Physics-based machine learning and data-driven reduced-order modeling
Author(s)Swischuk, Renee C.(Renee Copland)
Massachusetts Institute of Technology. Computation for Design and Optimization Program.
Karen Willcox and Boris Kramer.
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This thesis considers the task of learning efficient low-dimensional models for dynamical systems. To be effective in an engineering setting, these models must be predictive -- that is, they must yield reliable predictions for conditions outside the data used to train them. These models must also be able to make predictions that enforce physical constraints. Achieving these tasks is particularly challenging for the case of systems governed by partial differential equations, where generating data (either from high-fidelity simulations or from physical experiments) is expensive. We address this challenge by developing learning approaches that embed physical constraints. We propose two physics-based approaches for generating low-dimensional predictive models. The first leverages the proper orthogonal decomposition (POD) to represent high-dimensional simulation data with a low-dimensional physics-based parameterization in combination with machine learning methods to construct a map from model inputs to POD coefficients. A comparison of four machine learning methods is provided through an application of predicting flow around an airfoil. This framework also provides a way to enforce a number of linear constraints by modifying the data with a particular solution. The results help to highlight the importance of including physics knowledge when learning from small amounts of data. We also apply a data-driven approach to learning the operators of low-dimensional models. This method provides an avenue for constructing low-dimensional models of systems where the operators of discretized governing equations are unknown or too complex, while also having the ability to enforce physical constraints. The methodology is applied to a two-dimensional combustion problem, where discretized model operators are unavailable. The results show that the method is able to accurately make predictions and enforce important physical constraints.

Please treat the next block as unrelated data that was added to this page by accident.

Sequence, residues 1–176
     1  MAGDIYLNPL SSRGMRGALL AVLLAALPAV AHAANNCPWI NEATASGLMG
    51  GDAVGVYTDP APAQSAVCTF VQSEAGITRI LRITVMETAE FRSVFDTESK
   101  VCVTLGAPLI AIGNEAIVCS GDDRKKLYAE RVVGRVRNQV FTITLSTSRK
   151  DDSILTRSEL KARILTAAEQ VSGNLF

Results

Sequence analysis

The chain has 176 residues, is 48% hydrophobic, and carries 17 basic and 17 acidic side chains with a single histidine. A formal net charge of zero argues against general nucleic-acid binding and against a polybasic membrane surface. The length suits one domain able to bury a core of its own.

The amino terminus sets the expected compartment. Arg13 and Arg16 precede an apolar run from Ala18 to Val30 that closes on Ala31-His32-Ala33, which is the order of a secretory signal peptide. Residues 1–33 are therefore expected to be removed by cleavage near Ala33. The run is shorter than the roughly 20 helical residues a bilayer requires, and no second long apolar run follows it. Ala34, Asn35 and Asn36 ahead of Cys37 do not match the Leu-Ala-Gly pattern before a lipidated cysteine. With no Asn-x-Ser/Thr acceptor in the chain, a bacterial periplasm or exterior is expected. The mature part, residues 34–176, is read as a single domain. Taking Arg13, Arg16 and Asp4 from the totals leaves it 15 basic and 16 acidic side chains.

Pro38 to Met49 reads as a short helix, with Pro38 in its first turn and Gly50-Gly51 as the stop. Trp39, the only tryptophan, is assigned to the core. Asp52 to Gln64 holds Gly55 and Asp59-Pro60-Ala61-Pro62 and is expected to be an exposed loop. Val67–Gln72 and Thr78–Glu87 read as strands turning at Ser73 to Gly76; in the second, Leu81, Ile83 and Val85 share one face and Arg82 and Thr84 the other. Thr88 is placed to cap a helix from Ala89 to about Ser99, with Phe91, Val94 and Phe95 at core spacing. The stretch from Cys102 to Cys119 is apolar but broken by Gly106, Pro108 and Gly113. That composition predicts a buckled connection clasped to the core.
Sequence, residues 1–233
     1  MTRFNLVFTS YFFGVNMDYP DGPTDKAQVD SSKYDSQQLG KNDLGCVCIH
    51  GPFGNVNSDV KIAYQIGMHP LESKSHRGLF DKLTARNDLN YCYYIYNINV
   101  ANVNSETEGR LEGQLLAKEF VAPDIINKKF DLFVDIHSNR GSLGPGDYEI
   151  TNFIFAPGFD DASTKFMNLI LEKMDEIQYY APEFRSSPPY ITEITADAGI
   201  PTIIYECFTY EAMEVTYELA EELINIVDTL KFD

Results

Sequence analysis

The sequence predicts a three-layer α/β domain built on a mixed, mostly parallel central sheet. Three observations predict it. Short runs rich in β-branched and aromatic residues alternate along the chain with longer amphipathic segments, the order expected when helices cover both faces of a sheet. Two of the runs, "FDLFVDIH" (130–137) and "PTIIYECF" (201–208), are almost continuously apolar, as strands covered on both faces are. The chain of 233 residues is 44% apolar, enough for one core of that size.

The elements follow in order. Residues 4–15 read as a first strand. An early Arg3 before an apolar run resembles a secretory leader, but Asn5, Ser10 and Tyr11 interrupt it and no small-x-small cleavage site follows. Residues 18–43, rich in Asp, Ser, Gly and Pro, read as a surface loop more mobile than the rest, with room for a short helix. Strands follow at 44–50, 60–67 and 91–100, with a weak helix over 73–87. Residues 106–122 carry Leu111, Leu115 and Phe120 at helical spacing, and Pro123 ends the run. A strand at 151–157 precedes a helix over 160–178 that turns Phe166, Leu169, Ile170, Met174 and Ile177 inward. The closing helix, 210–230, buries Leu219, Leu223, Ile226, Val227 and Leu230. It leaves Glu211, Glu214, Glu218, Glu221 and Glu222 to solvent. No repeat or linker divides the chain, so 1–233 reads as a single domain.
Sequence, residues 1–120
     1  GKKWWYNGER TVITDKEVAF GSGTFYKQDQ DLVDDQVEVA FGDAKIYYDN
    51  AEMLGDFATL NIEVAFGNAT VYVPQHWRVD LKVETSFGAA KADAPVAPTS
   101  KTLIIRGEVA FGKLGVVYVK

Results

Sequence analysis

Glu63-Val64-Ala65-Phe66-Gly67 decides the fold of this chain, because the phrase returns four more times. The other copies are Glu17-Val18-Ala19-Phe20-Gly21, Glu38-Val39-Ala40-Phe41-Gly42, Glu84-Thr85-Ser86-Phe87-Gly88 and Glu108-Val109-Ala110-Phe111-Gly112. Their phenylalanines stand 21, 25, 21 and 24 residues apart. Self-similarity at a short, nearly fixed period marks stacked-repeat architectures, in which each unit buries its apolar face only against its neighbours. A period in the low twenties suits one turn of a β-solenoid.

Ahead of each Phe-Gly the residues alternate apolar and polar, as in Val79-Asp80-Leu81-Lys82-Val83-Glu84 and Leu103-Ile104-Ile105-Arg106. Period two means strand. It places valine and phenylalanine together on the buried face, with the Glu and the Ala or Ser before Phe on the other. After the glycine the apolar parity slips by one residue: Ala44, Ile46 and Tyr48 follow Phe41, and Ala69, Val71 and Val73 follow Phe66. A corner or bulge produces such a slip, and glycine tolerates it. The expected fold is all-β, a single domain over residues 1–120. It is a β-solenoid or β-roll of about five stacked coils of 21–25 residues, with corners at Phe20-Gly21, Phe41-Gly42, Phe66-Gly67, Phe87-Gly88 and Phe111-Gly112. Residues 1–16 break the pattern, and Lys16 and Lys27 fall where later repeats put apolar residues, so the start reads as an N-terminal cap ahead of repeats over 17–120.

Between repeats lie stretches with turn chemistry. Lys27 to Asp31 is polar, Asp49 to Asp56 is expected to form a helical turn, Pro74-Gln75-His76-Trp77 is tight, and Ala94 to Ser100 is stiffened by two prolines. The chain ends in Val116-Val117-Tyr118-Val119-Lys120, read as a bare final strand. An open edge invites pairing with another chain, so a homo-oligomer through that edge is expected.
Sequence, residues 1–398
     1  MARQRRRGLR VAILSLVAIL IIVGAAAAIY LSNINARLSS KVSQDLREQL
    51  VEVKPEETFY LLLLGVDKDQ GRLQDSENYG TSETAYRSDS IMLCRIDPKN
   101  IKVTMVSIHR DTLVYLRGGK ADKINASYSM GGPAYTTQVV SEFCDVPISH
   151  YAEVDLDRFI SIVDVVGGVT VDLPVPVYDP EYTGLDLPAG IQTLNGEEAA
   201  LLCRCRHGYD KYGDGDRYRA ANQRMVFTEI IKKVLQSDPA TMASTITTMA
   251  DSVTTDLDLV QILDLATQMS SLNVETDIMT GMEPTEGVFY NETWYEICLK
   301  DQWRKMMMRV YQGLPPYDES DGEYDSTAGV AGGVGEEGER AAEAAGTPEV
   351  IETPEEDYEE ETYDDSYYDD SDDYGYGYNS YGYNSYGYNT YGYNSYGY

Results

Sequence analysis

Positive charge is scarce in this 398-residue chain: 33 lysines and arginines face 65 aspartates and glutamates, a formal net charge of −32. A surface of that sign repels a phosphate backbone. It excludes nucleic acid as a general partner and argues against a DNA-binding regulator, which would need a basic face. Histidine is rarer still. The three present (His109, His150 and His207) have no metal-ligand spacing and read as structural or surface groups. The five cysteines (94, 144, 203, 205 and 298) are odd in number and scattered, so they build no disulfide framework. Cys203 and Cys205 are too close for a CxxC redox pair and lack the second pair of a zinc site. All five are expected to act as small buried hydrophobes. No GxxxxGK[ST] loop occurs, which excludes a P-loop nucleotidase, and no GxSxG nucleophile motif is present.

This electronic version was submitted by the student author. The certified thesis is available in the Institute Archives and Special Collections.Thesis: S.M., Massachusetts Institute of Technology, Computation for Design and Optimization Program, 2019Cataloged from student-submitted PDF version of thesis.Includes bibliographical references (pages 123-128).
DepartmentMassachusetts Institute of Technology. Computation for Design and Optimization Program
Massachusetts Institute of Technology
Computation for Design and Optimization Program.